Maintained by: NLnet Labs
unbound-host(1)                  unbound 1.5.6                 unbound-host(1)

       unbound-host - unbound DNS lookup utility

       unbound-host [-vdhr46D] [-c class] [-t type] hostname [-y key] [-f key-
       file] [-F namedkeyfile] [-C configfile]

       Unbound-host uses the unbound validating  resolver  to  query  for  the
       hostname and display results. With the -v option it displays validation
       status: secure, insecure, bogus (security failure).

       By default it reads no configuration file whatsoever.  It  attempts  to
       reach  the  internet  root servers.  With -C an unbound config file and
       with -r resolv.conf can be read.

       The available options are:

              This name is resolved (looked up in the DNS).  If a IPv4 or IPv6
              address is given, a reverse lookup is performed.

       -h     Show the version and commandline option help.

       -v     Enable  verbose output and it shows validation results, on every
              line.  Secure means that the NXDOMAIN  (no  such  domain  name),
              nodata  (no  such data) or positive data response validated cor-
              rectly with one of the keys.  Insecure means  that  that  domain
              name  has  no  security set up for it.  Bogus (security failure)
              means that the response failed one or more checks, it is  likely
              wrong, outdated, tampered with, or broken.

       -d     Enable  debug  output  to stderr. One -d shows what the resolver
              and validator are doing and may tell you what is going on.  More
              times,  -d -d, gives a lot of output, with every packet sent and

       -c class
              Specify the class to lookup for, the default is IN the  internet

       -t type
              Specify  the type of data to lookup. The default looks for IPv4,
              IPv6 and mail handler data, or domain name pointers for  reverse

       -y key Specify  a  public  key to use as trust anchor. This is the base
              for a chain of trust that is built up from the trust  anchor  to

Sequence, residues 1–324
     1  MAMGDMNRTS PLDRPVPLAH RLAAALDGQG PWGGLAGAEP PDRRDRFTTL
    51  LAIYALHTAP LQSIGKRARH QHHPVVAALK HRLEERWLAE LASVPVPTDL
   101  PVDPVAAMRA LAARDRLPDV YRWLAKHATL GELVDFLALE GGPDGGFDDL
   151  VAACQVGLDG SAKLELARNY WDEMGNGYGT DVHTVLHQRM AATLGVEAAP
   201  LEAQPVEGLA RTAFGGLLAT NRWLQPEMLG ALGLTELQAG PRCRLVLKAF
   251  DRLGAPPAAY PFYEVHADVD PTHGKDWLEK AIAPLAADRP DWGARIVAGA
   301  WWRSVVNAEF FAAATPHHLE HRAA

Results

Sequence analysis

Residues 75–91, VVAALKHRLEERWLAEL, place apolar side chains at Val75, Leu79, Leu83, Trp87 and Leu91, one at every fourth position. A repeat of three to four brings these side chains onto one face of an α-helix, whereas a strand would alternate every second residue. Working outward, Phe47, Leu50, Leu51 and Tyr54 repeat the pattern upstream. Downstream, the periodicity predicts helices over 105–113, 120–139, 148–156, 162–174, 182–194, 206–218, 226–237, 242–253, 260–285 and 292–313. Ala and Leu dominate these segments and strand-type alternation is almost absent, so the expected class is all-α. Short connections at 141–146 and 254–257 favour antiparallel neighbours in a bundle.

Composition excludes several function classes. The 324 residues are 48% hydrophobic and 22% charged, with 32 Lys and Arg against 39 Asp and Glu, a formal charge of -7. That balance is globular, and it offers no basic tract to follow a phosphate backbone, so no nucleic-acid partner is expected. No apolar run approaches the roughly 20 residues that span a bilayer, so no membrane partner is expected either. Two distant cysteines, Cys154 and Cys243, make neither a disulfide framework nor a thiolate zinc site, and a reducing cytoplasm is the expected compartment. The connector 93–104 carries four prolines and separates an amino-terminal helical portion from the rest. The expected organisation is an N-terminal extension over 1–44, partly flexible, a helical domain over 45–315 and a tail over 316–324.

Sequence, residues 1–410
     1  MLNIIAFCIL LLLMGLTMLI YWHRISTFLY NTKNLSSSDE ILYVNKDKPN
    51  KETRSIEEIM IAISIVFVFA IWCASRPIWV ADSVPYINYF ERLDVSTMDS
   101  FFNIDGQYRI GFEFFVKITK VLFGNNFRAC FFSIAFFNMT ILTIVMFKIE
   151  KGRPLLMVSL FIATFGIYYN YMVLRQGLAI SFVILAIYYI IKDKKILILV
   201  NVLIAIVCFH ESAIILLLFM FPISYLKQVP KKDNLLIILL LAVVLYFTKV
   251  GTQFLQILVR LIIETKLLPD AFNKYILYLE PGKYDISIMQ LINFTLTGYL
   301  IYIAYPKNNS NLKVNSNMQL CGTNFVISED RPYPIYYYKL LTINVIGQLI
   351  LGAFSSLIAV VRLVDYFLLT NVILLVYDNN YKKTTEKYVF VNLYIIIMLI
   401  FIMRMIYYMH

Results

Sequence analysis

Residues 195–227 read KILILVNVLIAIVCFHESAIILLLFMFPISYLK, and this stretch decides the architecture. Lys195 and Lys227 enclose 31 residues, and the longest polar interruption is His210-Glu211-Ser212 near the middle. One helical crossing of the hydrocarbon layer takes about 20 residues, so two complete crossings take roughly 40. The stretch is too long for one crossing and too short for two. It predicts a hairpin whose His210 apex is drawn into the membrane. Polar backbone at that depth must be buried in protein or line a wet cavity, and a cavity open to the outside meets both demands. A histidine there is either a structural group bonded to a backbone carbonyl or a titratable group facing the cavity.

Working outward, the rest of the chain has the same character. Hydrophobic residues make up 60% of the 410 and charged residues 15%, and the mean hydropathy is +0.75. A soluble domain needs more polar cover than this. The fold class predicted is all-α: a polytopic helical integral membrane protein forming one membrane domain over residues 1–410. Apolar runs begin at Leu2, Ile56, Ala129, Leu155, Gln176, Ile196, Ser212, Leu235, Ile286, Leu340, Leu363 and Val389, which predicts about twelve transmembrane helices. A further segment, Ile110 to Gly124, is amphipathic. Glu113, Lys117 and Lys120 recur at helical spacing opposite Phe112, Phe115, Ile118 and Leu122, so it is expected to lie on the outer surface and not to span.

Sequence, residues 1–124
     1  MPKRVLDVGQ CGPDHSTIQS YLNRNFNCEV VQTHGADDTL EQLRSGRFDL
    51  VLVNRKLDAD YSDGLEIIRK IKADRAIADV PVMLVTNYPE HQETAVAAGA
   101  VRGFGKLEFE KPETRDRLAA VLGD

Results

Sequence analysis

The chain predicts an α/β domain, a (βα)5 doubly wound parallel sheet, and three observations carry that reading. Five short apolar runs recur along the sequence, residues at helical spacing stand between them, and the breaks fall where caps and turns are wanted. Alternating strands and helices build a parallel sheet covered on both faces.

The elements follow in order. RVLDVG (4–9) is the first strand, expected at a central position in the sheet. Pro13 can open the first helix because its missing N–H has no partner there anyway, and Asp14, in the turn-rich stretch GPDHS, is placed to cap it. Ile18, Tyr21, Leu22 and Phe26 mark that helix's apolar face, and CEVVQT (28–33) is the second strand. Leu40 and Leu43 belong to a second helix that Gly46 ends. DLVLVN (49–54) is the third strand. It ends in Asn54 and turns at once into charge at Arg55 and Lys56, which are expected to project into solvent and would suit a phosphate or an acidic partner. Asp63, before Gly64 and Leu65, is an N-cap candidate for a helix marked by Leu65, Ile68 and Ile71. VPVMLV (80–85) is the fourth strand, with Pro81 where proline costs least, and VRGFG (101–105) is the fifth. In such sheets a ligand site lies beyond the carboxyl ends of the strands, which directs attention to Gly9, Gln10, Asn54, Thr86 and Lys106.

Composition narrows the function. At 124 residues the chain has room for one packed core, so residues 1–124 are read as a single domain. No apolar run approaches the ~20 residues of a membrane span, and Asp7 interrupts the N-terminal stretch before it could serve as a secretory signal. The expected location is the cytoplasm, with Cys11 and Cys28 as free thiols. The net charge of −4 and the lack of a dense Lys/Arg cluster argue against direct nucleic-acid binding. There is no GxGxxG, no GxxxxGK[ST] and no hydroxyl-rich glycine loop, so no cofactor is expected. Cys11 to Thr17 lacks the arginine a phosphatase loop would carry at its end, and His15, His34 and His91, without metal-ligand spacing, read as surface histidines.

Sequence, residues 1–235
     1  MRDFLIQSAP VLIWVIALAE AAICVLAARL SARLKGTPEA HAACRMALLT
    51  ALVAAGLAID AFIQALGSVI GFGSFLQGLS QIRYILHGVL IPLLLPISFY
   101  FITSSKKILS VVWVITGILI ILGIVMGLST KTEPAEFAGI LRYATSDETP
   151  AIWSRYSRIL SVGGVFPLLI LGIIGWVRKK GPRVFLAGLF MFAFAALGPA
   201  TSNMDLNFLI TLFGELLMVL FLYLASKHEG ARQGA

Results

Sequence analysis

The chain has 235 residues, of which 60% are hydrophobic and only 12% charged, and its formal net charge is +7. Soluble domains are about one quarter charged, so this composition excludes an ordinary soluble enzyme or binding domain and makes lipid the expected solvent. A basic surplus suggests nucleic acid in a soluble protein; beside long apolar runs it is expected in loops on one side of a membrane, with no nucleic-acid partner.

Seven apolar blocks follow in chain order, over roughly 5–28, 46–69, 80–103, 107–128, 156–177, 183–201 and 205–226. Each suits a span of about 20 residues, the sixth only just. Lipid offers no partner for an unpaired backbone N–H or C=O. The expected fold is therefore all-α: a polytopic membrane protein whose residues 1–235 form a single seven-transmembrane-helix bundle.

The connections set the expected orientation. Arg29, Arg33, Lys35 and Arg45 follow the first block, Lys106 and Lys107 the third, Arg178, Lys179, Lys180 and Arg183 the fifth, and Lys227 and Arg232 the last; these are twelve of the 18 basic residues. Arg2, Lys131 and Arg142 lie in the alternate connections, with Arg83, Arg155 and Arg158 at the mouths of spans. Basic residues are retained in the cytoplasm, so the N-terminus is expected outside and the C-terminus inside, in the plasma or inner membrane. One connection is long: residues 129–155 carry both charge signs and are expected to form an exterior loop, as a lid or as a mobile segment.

the  response, in order to validate the response message. Can be
              given as a DS or DNSKEY record.  For example -y "  DS
              31560 5 1 1CFED84787E6E19CCF9372C1187325972FE546CD".

       -D     Enables  DNSSEC  validation.   Reads  the  root  anchor from the
              default  configured  root  anchor  at  the   default   location,

       -f keyfile
              Reads keys from a file. Every line has a DS or DNSKEY record, in
              the format as for -y. The zone file format, the same as dig  and
              drill produce.

       -F namedkeyfile
              Reads   keys   from  a  BIND-style  named.conf  file.  Only  the
              trusted-key {}; entries are read.

       -C configfile
              Uses the specified unbound.conf to prime libunbound(3).

       -r     Read /etc/resolv.conf, and use  the  forward  DNS  servers  from
              there  (those  could  have  been  set  by  DHCP).   More info in
              resolv.conf(5).  Breaks validation if those servers do not  sup-
              port DNSSEC.

       -4     Use solely the IPv4 network for sending packets.

       -6     Use solely the IPv6 network for sending packets.

       Some  examples  of use. The keys shown below are fakes, thus a security
       failure is encountered.

       $ unbound-host

       $    unbound-host    -v    -y    "    DS    31560    5     1

       $     unbound-host    -v    -y    "    DS    31560    5    1

       The unbound-host program exits with status code 1 on  error,  0  on  no
       error.  The data may not be available on exit code 0, exit code 1 means
       the lookup encountered a fatal error.

       unbound.conf(5), unbound(8).

NLnet Labs                       Oct 20, 2015                  unbound-host(1)